Spark Is the New Black
The rapid rise of the Spark distributed framework has Hadoop developers taking notice
The Apache Spark distributed framework and data processing engine continues to gain traction in the developer community. In August 2014, John Choi, an IBM Big Data & Analytics Hub blogger, described IBM’s work with Cloudera, Databricks, and Intel, saying that it enables organizations to take advantage of Spark on IBM systems running IBM® InfoSphere® BigInsights™ data analytics.1 Since then, Spark has been garnering a lot of attention. For example, the recent Strata + Hadoop World conference in San Jose included 14 presentations that mention “Spark” in their titles.2 Why is the developer community taking so much notice of Spark recently?
The Spark alternative
To understand Spark’s impact, consider Apache Hadoop’s role in the big data ecosystem. The most important modules in Hadoop are the Hadoop Distributed File System (HDFS), a file system that can be spread across multiple machines, and MapReduce, a framework that can split up a computing job across multiple processors. This ability to spread data and processing across several computers enables the processing of very large amounts of data using collections of commodity hardware. Another alternative is to use a provider of cloud-based services such as Amazon Web Services (AWS) to start up a collection of remote virtual computers that need to exist only for the duration of the compute job. These options of using commodity hardware collections or remote virtual computers have been crucial in letting small companies work with big data.
Machine-learning researchers at the University of California, Berkeley’s AMPLab—Algorithms, Machines, People (AMP)—found that Hadoop’s MapReduce framework was not efficient enough for the kinds of iterative processing necessary for their work. When distributing the processing and collecting the results, MapReduce does a lot of writing to and reading from disks, which takes enough time that it makes Hadoop jobs very batch oriented. That is, an operator starts a job, waits a while, and then checks the results, much like mainframe processing of bygone days.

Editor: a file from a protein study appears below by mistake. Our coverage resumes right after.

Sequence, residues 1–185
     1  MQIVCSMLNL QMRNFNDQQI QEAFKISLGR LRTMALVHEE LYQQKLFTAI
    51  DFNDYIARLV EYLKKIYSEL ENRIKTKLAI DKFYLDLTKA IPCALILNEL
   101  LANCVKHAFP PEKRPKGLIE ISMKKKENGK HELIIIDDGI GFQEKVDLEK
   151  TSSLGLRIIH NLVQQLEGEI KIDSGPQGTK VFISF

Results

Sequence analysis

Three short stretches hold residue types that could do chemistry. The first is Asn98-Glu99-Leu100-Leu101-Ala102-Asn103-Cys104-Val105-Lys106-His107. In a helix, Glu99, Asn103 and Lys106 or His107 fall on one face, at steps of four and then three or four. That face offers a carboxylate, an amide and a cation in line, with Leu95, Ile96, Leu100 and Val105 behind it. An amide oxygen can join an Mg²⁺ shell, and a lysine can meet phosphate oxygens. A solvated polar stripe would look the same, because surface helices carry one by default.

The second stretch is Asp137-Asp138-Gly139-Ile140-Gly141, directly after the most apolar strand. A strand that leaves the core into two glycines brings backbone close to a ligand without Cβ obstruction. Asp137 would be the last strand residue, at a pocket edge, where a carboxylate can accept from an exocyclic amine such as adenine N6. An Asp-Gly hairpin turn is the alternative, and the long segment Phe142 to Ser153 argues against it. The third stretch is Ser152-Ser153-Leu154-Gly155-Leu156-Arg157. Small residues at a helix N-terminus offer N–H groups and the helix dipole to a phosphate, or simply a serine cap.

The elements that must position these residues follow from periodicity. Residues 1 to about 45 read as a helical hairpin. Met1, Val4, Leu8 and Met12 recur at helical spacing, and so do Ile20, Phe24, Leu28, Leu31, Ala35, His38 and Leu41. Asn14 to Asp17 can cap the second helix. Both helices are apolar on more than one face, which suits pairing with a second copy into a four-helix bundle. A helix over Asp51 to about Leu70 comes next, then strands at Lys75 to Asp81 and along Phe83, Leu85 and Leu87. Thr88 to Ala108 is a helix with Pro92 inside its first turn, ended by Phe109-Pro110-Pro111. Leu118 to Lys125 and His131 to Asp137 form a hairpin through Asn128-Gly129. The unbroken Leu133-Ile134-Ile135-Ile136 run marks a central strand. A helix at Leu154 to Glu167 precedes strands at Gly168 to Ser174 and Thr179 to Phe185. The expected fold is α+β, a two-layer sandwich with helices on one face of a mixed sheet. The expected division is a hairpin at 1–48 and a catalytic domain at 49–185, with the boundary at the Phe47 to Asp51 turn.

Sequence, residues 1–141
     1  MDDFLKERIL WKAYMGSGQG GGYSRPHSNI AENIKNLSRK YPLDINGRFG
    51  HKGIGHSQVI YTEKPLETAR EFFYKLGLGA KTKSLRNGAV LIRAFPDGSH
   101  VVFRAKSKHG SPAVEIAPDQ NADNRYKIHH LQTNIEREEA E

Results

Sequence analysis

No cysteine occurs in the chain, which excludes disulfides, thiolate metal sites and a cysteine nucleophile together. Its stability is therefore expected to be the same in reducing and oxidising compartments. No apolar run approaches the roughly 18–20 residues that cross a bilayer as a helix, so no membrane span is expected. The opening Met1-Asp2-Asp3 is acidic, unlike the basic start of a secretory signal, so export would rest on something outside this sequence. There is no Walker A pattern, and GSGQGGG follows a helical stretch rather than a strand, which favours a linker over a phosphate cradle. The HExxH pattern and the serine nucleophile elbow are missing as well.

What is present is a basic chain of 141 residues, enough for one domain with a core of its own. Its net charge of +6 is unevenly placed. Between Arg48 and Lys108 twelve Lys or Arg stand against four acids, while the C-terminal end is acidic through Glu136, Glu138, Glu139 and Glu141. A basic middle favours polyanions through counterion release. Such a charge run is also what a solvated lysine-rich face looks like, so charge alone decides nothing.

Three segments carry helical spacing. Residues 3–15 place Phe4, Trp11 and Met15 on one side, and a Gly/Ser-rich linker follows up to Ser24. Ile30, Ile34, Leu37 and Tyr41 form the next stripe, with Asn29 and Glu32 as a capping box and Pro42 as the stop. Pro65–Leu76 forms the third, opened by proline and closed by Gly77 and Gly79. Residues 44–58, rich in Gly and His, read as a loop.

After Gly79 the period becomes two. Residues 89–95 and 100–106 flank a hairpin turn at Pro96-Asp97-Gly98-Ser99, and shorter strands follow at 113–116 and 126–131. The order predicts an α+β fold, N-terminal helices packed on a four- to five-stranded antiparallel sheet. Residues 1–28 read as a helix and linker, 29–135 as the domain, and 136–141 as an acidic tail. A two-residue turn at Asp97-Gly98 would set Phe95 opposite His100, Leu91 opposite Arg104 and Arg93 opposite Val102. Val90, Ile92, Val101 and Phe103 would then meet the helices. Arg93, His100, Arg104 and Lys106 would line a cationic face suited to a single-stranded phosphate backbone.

In 2009, the AMPLab researchers developed Spark as an alternative to MapReduce. Spark took better advantage of memory on the distributed set of machines than MapReduce and greatly reduced the need for the disk I/O that was slowing things down. Spark also offers the added bonus of being easier to program than MapReduce because developers don’t need to split up and coordinate their logic across separate Map and Reduce routines. The AMPLab researchers donated Spark to the open source Apache Software Foundation in 2013, and members of the team went on to found Databricks, a company that helps organizations with Spark development.
Development with Spark
Developers use Spark by importing libraries that implement the distributed processing into their own programs so that they can call the functions that make this processing possible. Libraries that implement most of Spark are available for Python and Java programmers. However, to take full advantage of its libraries for machine learning, stream processing, data graph processing, interactive SQL queries, and other specialized feature categories, the increasingly popular Scala programming language3 is most often used to create Spark applications.
Scala is a more functional language, as compared with the imperative style used by many widely used programming languages—that is, its programs pass functions between processing modules to perform a larger percentage of tasks than those languages. Scala’s functional style is a good fit for the way Spark lets developers define their own data structures and programming logic for distribution across a computing cluster.
The most well-known Hadoop distributions have all added support for Spark, but Hadoop isn’t even necessary to take advantage of Spark. Developers can use Spark with the Apache Cassandra, Apache Mesos, and AWS platforms, and the ability to run Spark on a single machine with no distributed system behind it makes it easy for novices to get started.
A recent look at the Indeed.com job search website showed that in one three-day period Apple, Dow Chemical, Major League Baseball, The Nielsen Company, Verizon, and many lesser-known companies had postings for jobs requesting Spark skills. Spark skills are so desired, in fact, that according to the O’Reilly 2014 Data Science Salary Survey, Spark developers earn the highest median salary among developers using the 10 most widely used Hadoop development tools.4
Spark development offers the capability to do machine learning, stream processing, and other tasks that were a bad fit for MapReduce’s batch-oriented approach. And, it gives developers the ability to perform many typical Hadoop tasks much more quickly on cost-effective computing clusters. Together, these capabilities are giving organizations that deploy InfoSphere BigInsights and other distributed platforms great new ideas for applications that take better advantage of their data.
Please share any thoughts or questions in the comments.
1 “IBM Expands Hadoop Commitment with Support for Spark,” by John Choi, IBM Big Data & Analytics Hub blog, July 2014.
2 “Big Data at Netflix: Faster and Easier” and “How Big Data Transforms the Way Telcos Operate and Do Business,” Strata + Hadoop World conference presentations, Strata + Hadoop World conference website, February 2015 in San Jose, California.
3 Job trends for Clojure, Erlang, Groovy, Lisp, and Scala between January 2006 and January 2015, Indeed.com website.
4 “2014 Data Science Salary Survey,” by John King and Roger Magoulas, O’Reilly Media, November 2014.